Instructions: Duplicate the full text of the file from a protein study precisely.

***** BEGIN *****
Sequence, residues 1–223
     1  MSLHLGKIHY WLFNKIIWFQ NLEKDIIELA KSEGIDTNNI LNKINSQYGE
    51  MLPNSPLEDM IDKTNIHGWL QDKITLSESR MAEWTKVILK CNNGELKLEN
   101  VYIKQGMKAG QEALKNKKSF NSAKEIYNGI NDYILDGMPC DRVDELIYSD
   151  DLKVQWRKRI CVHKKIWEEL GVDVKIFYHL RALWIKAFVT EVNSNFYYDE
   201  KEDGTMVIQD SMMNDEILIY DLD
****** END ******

Sequence, residues 1–223
     1  MSLHLGKIHY WLFNKIIWFQ NLEKDIIELA KSEGIDTNNI LNKINSQYGE
    51  MLPNSPLEDM IDKTNIHGWL QDKITLSESR MAEWTKVILK CNNGELKLEN
   101  VYIKQGMKAG QEALKNKKSF NSAKEIYNGI NDYILDGMPC DRVDELIYSD
   151  DLKVQWRKRI CVHKKIWEEL GVDVKIFYHL RALWIKAFVT EVNSNFYYDE
   201  KEDGTMVIQD SMMNDEILIY DLD